Darth Veda

Two constants in our digital world: A Nigerian promising money in our account. An NRI extolling the achievements of our forefathers.

It is difficult, although not impossible, to make this up, and all those who’ve come through to the other side of a Saturday afternoon nap after being force-fed two mounds of rajma-chawal would understand: simply this – dreams get bizarre. They transform from the hackneyed oh-I-should-send-that-guy-a-friend-request-when-I-wake-up, to the kind Freud would walk over coals to get you all softened up on. Hand-on-heart, then, I saw Charles Darwin all wrapped up in a coarse shawl, with aurora steaming off him, holding back the threshold of an auditorium entrance baying, “Jinhe naaz hai Hind par woh kahan hain…?” Promise! He even cried “kahan hain” three times as in the original.

You see, it can all be traced back to that Friday, when after having watched Pyaasa on Loksabha TV (Parliament was not in session or was adjourned sine-die, can’t recall), I made the mistake of inviting a scientist friend over for coffee. He came grudgingly – his Maruti 800 needed wheel alignment – but then got all excited after a few noisy gulps of my legendary concoction. We discussed the state of the nation, the state of the nation’s science, and, inexplicably, the state Rakhi Sawant was in. Then, in keeping with the serious nature of our debate the talk veered towards The Theory of Evolution and Charles Darwin. My scientist friend, being an ardent devotee of Sai Baba, was of the opinion that men attained greatness only when the hair on their head turned unmanageable. In other words, great danger lurked behind great beards. “Look at Marx!” he cried. Towards Darwin, he was equally scathing. “Western concepts, all,” he said, “and each one of them nothing but a copy of all what Indian scientists and thinkers had left behind thousands of years ago!” The solitary exclamation mark doesn’t do justice to the force with which he delivered the sentence. Wiping his spittle from my face, I reached for his kurta sleeve to try and calm him down but he was unstoppable. “Just yesterday, do you know, I received this e-mail that informed me about how we had given the world Zero, Pythagoras’ theorem, surgery, theory of evolution, differential equation, antibiotics, helicopter, surface-to-surface missile, and” – here he paused for effect – “IVF.”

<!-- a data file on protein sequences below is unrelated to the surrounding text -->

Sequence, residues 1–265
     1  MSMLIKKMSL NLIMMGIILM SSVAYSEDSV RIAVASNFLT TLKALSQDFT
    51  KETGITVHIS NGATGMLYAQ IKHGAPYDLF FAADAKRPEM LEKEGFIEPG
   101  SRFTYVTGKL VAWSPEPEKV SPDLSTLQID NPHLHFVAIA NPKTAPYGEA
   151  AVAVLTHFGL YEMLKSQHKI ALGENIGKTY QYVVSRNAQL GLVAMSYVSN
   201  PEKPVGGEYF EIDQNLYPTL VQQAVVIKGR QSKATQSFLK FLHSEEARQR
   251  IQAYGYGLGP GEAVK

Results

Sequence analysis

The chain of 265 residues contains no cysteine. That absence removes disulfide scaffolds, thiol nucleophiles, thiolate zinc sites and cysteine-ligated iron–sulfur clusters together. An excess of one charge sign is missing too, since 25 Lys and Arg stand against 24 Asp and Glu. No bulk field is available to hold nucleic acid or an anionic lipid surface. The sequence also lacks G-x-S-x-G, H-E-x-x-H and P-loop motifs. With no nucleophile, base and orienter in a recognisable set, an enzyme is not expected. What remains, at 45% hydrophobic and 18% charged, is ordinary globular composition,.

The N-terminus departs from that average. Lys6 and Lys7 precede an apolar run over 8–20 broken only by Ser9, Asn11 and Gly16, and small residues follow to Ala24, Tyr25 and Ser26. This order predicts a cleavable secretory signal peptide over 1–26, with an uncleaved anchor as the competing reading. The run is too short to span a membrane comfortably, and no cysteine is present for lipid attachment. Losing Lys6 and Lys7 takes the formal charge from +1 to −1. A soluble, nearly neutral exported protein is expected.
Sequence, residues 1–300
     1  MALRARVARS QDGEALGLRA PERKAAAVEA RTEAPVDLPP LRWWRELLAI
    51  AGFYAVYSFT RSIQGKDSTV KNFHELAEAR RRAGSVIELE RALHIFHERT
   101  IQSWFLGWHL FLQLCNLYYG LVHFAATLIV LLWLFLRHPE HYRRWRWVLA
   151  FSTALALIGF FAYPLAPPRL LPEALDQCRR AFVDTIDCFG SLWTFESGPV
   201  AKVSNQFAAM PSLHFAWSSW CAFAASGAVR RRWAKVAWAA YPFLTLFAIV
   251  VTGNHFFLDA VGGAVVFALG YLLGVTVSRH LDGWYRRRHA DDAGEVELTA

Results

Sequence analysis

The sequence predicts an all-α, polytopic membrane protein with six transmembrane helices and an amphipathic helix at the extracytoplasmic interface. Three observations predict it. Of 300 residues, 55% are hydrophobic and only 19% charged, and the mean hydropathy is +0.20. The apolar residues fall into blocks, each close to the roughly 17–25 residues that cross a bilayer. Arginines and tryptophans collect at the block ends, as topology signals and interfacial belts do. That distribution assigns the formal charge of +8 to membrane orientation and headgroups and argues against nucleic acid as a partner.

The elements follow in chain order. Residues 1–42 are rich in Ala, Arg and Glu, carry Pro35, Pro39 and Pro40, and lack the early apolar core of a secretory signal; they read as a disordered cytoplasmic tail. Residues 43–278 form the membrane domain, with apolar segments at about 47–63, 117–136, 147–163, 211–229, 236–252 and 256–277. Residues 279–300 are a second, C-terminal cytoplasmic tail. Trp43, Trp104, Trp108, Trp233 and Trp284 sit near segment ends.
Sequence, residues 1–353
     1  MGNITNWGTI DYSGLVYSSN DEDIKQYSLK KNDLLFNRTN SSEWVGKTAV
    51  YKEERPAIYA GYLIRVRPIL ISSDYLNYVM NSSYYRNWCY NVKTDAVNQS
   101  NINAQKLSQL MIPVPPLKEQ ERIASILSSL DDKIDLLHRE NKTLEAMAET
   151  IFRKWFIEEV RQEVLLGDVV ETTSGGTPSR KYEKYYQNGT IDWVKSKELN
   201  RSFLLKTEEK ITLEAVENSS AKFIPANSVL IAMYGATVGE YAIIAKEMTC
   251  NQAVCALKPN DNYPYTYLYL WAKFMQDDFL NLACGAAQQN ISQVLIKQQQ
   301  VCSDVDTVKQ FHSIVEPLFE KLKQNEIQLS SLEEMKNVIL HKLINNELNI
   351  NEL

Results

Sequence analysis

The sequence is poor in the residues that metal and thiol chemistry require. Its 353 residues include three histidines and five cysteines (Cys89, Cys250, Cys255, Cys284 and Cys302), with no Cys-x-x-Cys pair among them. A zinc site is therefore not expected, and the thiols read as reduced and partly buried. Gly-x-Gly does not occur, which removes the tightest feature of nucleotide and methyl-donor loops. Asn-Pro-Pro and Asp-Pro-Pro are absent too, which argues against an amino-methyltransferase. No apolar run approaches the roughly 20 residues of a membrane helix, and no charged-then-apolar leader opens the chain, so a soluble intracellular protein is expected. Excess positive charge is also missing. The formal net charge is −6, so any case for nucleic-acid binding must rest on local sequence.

Two things in this digital world of ours are constant: a grieving Nigerian promising to transfer two million dollars into our bank account, and an NRI extolling the phenomenal achievements of our brown forefathers. The first is a scam, the second a part of our school curriculum. In short, whatever decent can be conjured up, has already been done-and-dusted by our very own bare-chested dhoti-clad existentialist wanderer of the forests. Electricity? Insulin jab? Super AmoLED? You don’t stand a chance! I don’t know who this fiendishly cunning NRI is but I suspect he might be that ubiquitous south Indian who wears a handlebar moustache (with a mole thrown in) and a printed dog-collared half-sleeve shirt, the kind Michael Phelps might mistake for a body-hugging swim suit. He used to work for NASA – as his e-mail claims – but now gets his siesta kicks from thair-sadam, the Dravidian stand-in for rajma-chawal. You can fight him only with your raised eyebrows and your pitiful sighs. You could have used a high-powered light-saber but you can’t because, well, his forefathers invented that too! He is the Darth Veda and the force is with him.